Early Years and Public Career
Thomas Henry Brown was born in Petersburg on January 4, 1864, the son of Pleasant Brown and Nancy Brown. At birth he was probably a slave, but little is known of his family. Brown lived with a grandmother. Her illness required him to leave school about 1872 to work in afactory. Somehow he acquired an informal education, and his intelligence and determination carried him onward.
About 1882 Brown joined the Knights of King Solomon, a fraternal order based in Danville. He became state deputy of the order in 1885 and traveled to organize new lodges. After one year Brown returned to Petersburg as a clerk in the pharmacy of William S. Fields, one of the first African Americans to operate a drugstore in that city. Brown joined the Petersburg Blues, a local, and used his organizer’s skills in behalf of ‘s bid for the in 1888. Brown’s testimony to a congressional committee investigating charges of election fraud in that campaign helped Langston belatedly win his seat in Congress. Brown remained active in the local and also organized the city’s black lodge of the Improved, Benevolent and Protective Order of Elks of the World. He was also a founding member of Ebenezer Baptist Church in Petersburg.
On December 26, 1888, Brown married Ellen Booth Cooper, of Petersburg. They had one daughter. Two years later they moved to Charlotte, North Carolina, to operate a drugstore for a physician there. The family soon returned to Petersburg, where Brown worked as a janitor for Thomas Scott, an undertaker, who was also keeper of Providence Cemetery adjacent to the white Blandford Cemetery. Providence was part of the Negro Burying Ground, established on land donated for that purpose after the War of 1812 by white militia officers to honor their slaves who went to war with them. As the cemetery expanded, several associations were formed to manage different sections. In 1893 the city threatened to sell Providence Cemetery to meet delinquent property taxes. To pay the arrears, Brown organized the People’s Memorial Cemetery Association and became its first president. Members labored to clean the property and built a road to it, but in 1894 another association charged them with trespassing. The mayor’s court ruled that the cemetery belonged to Brown’s group.
War with Spain began in 1898, and the Petersburg Blues became part of the 6th Virginia Infantry Regiment. Brown served as the unit’s hospital steward at Camp Corbin. The regiment suffered discrimination and never saw combat. Captain Brown, as he was later called, became a leader of the Virginia United Spanish War Veterans.
Brown continued working for Scott until 1897. Having learned the undertaking business, bringing to it knowledge acquired at the drugstores, Brown opened his own establishment in 1897 and was licensed by the Board of Funeral Directors and Embalmers on August 10, 1899.
Brown’s name does not appear in the Petersburg city directories between 1909 and 1914, and he may have worked in Alexandria as an undertaker during that time. He had returned to Petersburg by 1914. About 1916 Brown opened a funeral home in nearby Hopewell and again worked to organize community institutions. In addition to the Hopewell Benevolent Beneficial Association, established in April 1916, he helped found the Sweet Home Baptist Church. During World War I (1914–1918) Brown was a labor agent for the DuPont Company in Hopewell. In March 1928 he founded the Race Advancement Association. Its short-lived newspaper, the Virginia Race Advocate, called on black citizens to pay theirand vote as a unit. Later that year, on October 24, 1928, the Colored Funeral Directors and Licensed Embalmers Association of Virginia held its organizational meeting at one of Brown’s funeral homes, and he served the association for many years as secretary. In 1929 he arranged for Petersburg’s new city manager to address a mass meeting of African Americans. A smoker in Brown’s honor took place afterward, and, typically, he proposed the creation of a civic association, declaring again that only through unity could African Americans exert any influence on the city’s affairs.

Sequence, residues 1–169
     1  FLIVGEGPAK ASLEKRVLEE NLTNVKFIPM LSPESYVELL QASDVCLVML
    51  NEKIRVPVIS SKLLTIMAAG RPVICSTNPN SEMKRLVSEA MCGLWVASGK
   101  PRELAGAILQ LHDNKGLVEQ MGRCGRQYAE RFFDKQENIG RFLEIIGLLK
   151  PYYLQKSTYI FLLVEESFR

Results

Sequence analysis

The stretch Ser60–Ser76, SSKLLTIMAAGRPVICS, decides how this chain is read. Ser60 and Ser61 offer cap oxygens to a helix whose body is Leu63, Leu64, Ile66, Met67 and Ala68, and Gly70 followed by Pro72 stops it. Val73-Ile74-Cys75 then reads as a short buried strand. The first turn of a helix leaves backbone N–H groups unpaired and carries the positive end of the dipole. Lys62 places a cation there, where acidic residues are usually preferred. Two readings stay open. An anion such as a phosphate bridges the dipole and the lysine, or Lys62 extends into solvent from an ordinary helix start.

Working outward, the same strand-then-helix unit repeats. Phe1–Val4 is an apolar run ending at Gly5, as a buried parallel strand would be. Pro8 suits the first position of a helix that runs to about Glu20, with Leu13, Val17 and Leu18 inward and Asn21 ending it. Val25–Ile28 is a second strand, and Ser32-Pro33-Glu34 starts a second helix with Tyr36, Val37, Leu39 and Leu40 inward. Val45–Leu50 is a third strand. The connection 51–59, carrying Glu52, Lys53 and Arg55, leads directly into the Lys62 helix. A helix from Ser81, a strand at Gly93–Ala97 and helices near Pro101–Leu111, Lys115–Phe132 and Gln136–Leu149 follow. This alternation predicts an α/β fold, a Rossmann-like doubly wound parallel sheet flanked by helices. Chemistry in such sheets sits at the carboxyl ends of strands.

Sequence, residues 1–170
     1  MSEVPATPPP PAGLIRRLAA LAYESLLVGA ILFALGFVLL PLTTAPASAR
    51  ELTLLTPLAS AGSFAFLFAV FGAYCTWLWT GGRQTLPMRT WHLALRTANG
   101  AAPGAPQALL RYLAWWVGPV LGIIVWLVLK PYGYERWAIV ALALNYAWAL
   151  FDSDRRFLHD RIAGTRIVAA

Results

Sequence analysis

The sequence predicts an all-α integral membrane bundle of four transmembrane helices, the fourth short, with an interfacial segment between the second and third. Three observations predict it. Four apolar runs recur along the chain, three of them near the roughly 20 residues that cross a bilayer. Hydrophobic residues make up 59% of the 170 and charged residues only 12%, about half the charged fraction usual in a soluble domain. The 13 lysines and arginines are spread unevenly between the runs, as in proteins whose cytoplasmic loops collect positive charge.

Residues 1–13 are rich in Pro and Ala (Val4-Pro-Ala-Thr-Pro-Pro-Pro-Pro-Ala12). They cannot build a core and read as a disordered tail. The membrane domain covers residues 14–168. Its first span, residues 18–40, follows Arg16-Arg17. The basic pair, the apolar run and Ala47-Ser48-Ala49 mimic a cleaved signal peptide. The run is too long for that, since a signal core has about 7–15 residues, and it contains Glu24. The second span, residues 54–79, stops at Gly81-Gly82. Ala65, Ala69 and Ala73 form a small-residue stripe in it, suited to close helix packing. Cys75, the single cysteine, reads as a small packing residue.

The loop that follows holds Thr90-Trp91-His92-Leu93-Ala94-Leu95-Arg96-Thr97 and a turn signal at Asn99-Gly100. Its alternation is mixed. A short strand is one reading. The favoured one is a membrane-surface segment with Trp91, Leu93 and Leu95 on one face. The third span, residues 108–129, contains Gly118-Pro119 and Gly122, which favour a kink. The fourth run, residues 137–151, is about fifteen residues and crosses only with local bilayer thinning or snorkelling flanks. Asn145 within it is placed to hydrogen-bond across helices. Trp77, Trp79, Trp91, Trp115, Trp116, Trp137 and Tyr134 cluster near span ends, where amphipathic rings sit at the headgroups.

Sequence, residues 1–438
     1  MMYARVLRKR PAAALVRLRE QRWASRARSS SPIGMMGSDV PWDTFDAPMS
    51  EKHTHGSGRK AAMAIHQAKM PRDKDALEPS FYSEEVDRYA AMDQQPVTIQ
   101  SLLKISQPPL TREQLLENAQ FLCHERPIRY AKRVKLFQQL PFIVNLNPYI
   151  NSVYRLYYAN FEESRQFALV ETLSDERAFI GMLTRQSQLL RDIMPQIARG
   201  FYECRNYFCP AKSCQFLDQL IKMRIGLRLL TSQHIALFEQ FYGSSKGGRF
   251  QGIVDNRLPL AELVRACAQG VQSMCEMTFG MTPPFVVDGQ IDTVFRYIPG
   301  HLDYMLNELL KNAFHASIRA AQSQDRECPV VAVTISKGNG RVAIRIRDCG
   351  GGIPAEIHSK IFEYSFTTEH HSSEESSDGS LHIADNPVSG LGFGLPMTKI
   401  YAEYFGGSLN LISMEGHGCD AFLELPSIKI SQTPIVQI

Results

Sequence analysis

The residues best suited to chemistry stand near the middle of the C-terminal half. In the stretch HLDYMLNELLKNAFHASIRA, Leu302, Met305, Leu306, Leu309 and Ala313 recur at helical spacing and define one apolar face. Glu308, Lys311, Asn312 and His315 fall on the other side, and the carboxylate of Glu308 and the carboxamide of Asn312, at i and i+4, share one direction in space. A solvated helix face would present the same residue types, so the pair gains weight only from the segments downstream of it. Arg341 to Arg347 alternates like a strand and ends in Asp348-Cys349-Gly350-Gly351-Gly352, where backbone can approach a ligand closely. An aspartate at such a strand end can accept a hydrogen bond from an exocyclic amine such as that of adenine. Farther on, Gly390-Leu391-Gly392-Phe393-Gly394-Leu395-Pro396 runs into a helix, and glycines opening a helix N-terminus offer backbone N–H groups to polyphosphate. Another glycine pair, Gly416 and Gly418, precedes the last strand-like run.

Brown continued to devote his considerable energies to the cemetery. As its keeper since 1921, he dreamed of making it a proper place for burials, with gravesites identified and avenues named in honor of community leaders buried there, but contributions proved sufficient only to control the growth of weeds and brush. The city government ignored his pleas for assistance, but for years Brown organized cleanup days and implored the community to respect the dead through care of the cemetery. By 1943 some 8,900 people were buried in the cemetery that came to be known as People’s Memorial Cemetery.
Brown’s wife died on November 19, 1939. He married Daisy Valentine on December 1, 1942, and one month later, on January 4, 1943, the community gathered to celebrate the wedding and Brown’s seventy-ninth birthday. He continued to champion the cemetery and ran for city council in 1950, sixty-two years after he had campaigned for John Mercer Langston. One of two African Americans in the race, Brown at age eighty-six was said to be the oldest person ever to seek elective office in Petersburg, but he finished last.
Brown died of pneumonia in McGuire Veterans Hospital in Richmond on February 8, 1952, and was buried at People’s Memorial Cemetery in Petersburg. His grandson James Wilbert Brown Burke accepted responsibility for the cemetery, but after his death in 1966 it fell into decay again. Finally, in 1986, the city took possession and began clearing the brush and vines that covered the cemetery. On May 28, 1990, nearly a century after Brown took responsibility for it, People’s Memorial Cemetery formally opened as a city-owned historic site.